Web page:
When it comes to talking about sex, the accepted wisdom is that parents and kids alike would just rather not. But Kansas City poet Natasha Ria El-Scari doesn’t think that’s healthy.
Neither does her college-age son, who says he’s benefited from his mother’s openness and candor in a way his peers are missing out on.
“You need to write a book and call it the ‘Mama Sutra’,” he once told her. “You can thank me later.”
Now she’s written the book. She thanks him in the introduction, KCUR-FM reported.
Based on notes she jotted down throughout her parenting journey, “Mama Sutra: Love and Lovemaking Advice to My Son” is candid but not sexy, despite the racy title. It contains advice and encouragement on a range of topics: body image, how to talk to your friends about what’s going on in your life, or the nitty gritty of personal hygiene.
In short, the kind of stuff parents talk to kids about in every other aspect of their lives.
For El-Scari, those conversations involve the word “patriarchy.”
“It’s everywhere,” she says. “I was like, ‘Is it too many places?’ But patriarchy is everywhere, so I had to address it as such. We do so many things that are patriarchal that we don’t even realize … down to the intimate details of our bedrooms.”
She knows the idea of the book can make people uncomfortable.
“People when they first hold the book, they go, ‘Huh?’ And then it’s, ‘Are you the mother?’ And then sometimes when I’m talking to young men I get this blank stare, looking at me as if I was their mother, like, how could this be?” El-Scari admits.
But she also thinks motherhood comes with a responsibility to impart this kind of wisdom. At the beginning of the book, she writes a note to mothers explaining her position on the matter:
“Mamas: Why abandon your sons now? Presumably you’ve taken the time to talk about everything under the sun, so why would you cease these conversations now? Haven’t you taught your sons to pray, clean, cook, handle conflict, grow and love so far?”
That these conversations would continue into more adult territory feels natural to El-Scari.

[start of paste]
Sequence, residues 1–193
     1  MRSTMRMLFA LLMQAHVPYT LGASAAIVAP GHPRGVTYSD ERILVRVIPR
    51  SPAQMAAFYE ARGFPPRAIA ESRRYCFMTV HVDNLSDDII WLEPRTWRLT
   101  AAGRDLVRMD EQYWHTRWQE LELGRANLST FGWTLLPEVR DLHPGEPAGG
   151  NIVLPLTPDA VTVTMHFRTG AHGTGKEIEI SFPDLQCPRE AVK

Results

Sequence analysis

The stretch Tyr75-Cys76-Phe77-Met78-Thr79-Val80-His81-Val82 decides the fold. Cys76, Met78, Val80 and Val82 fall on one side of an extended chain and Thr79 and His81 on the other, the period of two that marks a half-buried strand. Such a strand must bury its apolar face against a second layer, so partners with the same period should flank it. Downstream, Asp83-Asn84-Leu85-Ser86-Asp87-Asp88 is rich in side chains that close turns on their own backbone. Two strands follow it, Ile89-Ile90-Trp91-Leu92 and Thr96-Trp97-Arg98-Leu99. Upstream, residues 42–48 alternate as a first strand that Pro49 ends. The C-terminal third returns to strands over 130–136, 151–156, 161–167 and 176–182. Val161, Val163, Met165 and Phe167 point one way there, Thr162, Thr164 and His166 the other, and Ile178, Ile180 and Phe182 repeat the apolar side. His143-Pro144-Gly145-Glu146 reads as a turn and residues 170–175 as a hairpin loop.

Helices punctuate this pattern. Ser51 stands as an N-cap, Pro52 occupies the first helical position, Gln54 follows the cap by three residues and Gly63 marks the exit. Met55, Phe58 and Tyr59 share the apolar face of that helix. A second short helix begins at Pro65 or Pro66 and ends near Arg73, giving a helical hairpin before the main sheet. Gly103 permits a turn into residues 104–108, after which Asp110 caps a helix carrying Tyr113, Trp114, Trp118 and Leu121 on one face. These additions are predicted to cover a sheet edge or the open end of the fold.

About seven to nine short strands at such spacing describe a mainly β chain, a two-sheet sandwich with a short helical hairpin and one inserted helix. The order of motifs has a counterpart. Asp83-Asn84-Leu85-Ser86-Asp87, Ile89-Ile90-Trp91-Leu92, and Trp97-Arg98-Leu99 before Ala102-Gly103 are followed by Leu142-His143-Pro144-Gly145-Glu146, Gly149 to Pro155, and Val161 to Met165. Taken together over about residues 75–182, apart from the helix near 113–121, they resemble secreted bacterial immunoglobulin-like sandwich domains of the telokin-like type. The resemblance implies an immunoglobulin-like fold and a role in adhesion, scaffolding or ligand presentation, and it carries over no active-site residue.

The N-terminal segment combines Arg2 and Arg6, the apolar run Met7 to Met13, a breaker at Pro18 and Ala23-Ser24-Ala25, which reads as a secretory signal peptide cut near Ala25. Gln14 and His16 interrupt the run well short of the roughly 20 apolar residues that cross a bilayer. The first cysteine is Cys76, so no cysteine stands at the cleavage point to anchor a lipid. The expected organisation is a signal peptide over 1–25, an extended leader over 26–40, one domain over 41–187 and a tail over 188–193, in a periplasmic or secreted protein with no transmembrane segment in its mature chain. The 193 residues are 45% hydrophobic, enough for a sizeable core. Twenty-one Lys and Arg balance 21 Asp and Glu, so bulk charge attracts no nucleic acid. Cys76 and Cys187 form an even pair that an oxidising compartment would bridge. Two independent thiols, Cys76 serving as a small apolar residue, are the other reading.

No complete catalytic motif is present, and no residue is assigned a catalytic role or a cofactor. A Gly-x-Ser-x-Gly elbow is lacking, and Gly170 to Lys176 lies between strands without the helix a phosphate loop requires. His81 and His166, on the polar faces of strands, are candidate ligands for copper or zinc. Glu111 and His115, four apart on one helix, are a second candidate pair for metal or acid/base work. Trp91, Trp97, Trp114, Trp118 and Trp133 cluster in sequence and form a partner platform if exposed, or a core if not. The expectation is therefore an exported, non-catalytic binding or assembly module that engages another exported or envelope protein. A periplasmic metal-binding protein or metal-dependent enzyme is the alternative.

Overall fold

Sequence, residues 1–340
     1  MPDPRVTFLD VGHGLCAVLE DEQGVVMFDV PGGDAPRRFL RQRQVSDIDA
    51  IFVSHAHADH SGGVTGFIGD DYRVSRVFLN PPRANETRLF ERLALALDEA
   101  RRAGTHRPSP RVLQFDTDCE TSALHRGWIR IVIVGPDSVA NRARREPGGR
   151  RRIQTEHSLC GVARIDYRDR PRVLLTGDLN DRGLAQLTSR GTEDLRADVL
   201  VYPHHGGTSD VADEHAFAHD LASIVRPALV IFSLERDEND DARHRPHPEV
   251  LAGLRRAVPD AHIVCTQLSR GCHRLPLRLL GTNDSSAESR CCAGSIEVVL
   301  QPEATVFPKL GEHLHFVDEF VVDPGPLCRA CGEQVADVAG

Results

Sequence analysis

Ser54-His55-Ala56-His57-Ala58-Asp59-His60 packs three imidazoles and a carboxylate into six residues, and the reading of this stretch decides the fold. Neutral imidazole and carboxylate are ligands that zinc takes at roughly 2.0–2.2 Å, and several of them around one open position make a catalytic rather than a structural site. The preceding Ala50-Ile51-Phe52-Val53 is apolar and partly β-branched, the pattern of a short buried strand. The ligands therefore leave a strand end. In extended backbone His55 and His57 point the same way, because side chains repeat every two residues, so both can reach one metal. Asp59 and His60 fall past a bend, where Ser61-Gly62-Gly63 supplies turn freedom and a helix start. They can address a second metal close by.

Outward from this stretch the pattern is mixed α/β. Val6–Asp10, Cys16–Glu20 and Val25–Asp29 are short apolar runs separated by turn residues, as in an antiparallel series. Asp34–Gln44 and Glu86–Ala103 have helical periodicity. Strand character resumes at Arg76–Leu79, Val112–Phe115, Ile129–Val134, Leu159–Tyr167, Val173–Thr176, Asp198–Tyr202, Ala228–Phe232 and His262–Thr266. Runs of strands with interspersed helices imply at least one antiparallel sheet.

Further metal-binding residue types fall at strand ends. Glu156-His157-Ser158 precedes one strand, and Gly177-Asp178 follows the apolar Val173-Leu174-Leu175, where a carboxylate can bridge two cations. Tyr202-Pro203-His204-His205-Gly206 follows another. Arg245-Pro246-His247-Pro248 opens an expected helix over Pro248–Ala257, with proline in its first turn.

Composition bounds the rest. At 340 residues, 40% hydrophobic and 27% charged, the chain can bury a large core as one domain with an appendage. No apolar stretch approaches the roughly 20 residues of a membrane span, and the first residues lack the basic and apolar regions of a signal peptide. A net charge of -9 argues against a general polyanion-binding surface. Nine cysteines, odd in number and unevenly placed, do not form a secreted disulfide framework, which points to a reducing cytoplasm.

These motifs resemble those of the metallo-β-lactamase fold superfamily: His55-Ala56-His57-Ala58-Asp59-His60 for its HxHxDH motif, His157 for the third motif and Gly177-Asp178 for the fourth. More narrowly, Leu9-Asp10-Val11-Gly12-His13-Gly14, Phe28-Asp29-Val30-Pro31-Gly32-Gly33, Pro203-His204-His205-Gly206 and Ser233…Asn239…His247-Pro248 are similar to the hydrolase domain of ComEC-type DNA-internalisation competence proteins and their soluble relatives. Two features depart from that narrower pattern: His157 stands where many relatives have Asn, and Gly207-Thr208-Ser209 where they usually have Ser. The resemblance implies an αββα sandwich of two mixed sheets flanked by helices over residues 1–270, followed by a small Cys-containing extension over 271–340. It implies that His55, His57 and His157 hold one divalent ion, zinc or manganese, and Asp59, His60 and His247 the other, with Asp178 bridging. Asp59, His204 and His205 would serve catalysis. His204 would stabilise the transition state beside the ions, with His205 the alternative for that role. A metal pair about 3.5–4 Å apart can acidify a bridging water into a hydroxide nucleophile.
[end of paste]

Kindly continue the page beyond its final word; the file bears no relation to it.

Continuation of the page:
“One of the most difficult parts of being a mother is how intimately you are tied to your child’s life. You know their personality, their habits, their ways, when they’re becoming cranky, or not even when they’re cranky, you can head it off at the pass. You know what they can eat, what’s best for them. And then we get to this part and it’s like, ‘Go ask your dad?'”
It also feels necessary.
“How do you open that conversation with a partner, with a lover, if you’ve never had it anywhere else? It’s hard to talk about your vulnerabilities if you’ve never said, ‘Mom, I’m afraid.’ Or, ‘Mom, I’m sad.'”
To El-Scari, teaching men to do this is how you dismantle patriarchy.
She sees “black love,” in particular, as a sacred institution, a source of shared humanity and joy in the face of hardship.
“When we think about racism in this country, and how we survive racism, love is one of the ways we do,” she says. “It’s very difficult to be in the world where you get beat up every day, you have to have something to turn to.”
Her own parents split when she was 2, and from then on she lived in a house full of women: herself, her sister and her mom. She grew up near 75th and Paseo, adjacent to an empty lot filled with fruit trees, daydreaming not of having kids, but becoming a world-traveling professor.
“I wanted to do lectures and research and, like, meet hot guys at lectures.” These imagined lecture attendees all had accents. “They would come up and say something to me and I’d be like, ‘Yes, exactly.'”
She understood what her intellect could unlock for her from an early age. In school, she noticed that kids were treated differently according to gender and race — except the “smart kids,” who grownups treated in a way that wasn’t about either one.
“Being smart helped ease the angst of racism and sexism,” she says.
El-Scari attended a historically black college, then went on graduate studies at UMKC, ultimately leaving academia to become a writer and tell the stories of “ordinary black women.”
She’s been successful in that mission. Her work has been published in anthologies and journals, her books have earned high acclaim, and she’s been the recipient of numerous awards and residencies.
This book is part of that mission. It may be a letter to her son, but it isn’t just for him, and it isn’t just for men. It’s for women, too, as an act of sisterhood.
“It’s a tool for men,” she says. “But it’s a gift for women.”